New Forecasts

illustration: Norwegian krone

(19.09.2011) We now expect Norges Bank to postpone the first rate hike to March next year. In Europe we expect a Greek default followed by recapitalization of the banking sector and massive support buying of Italian bonds.

By Kyrre Aamdal

In line with our monthly evaluation of our forecasts we present today revised prognosis. While we based our August forecasts on modest improving financial markets, the situation has worsened. The Greek funding situation is still a problem. Market confidence regarding Italy and Spain has impaired. The increasing turmoil has raised various risk premiums in the markets in general and tightened funding possibilities for banks. Additional unrest and higher pressure on bank funding may enforce political action. The conflicts of interests between European leaders (and voters) are large and we expect the financial situation to worsen further before a solution is found acceptable. It is highly uncertain what may be done and when. A possible outcome may be a Greek default followed by a plan for recapitalization and restructuring of the banking sector in each Euro area country. A Greek default will likely be based on a view that Greece in the long term is insolvent. It will be important for European governments to ring fence the Greek situation. Market funding of Italian debt may disappear, and it is important to establish a plan for securing funding of Italian debt. This may involve massive support buying of Italian government bonds. With such a development we expect the ECB to cancel further rate hikes. On the other hand it will be important to secure confidence to the inflation target. We thus do not expect any rate cut from ECB, even though that would help debt loaded countries.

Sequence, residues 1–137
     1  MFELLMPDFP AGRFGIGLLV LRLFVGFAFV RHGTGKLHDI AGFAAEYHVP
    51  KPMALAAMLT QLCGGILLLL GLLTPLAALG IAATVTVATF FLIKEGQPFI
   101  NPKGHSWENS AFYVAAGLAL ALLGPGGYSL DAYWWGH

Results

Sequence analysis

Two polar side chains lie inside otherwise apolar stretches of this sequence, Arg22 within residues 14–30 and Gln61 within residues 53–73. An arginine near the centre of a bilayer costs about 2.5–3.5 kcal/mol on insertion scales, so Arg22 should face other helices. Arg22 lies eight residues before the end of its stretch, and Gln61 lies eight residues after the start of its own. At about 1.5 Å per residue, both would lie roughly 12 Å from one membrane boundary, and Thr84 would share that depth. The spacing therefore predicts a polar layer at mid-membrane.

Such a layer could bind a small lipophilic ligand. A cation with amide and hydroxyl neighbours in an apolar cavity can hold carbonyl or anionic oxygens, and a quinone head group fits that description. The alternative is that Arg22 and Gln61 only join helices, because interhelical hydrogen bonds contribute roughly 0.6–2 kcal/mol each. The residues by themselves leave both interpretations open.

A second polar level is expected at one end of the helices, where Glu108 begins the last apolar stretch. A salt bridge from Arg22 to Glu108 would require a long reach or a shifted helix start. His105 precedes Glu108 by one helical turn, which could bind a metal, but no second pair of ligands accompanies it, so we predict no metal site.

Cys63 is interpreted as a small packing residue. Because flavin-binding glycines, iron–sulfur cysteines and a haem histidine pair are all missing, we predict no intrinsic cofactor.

With unchanged rates from ECB, a turbulent fall and tighter lending standards we expect both Norges Bank and the Riksbank to postpone the next rate hike until next year. For the major central banks (USA, UK, Japan and Switzerland) we expect unchanged policy rates at least until mid-2013. Increased turmoil and a Greek default may bring long-term rates further down. But if the markets have confidence in the ring fence of the Greek debt failure and the recapitalization of the banking sector, long-term rates may raise significantly. In the foreign exchange markets EURUSD may decline on increased turmoil, but raise on a credible solution. On the longer term we expect EURUSD to decline on better growth perspectives for the US economy. Both the NOK and the SEK may suffer from increased turmoil in the short term.  The NOK and the SEK are no safe havens but we might see the currencies strengthen versus the Euro over time due to increased interest rate differential.
 
US stocks increased for the fifth day in a row Friday. With an increase by 0.6 per cent for the S&P 500 Friday, the benchmark index was up 5.4 per cent on the week. This was the best week since early July. Also in Europe the stock markets generally improved on Friday. Long-term Treasury yields however fell further Friday. Fixed income and stock markets thus may have viewed the risk situation differently. The EURUSD was relatively stable during the weekend, but fell in Asian trading this morning. When typing, the EURUSD is down 1.3 per cent from Friday morning. The EURNOK is roughly unchanged from Friday morning, but has strengthened 0.8 per cent versus the SEK. This morning European stock markets opened down.
 
Today there are no important key macro economic figures. Later in the week we have monetary policy meeting both in the Fed and in Norges Bank. We will return with previews on those meeting, but we do not expect rate changes in any of those meetings. Norges Bank, however, may signal that the Board have assessed an alternative with lower interest rates.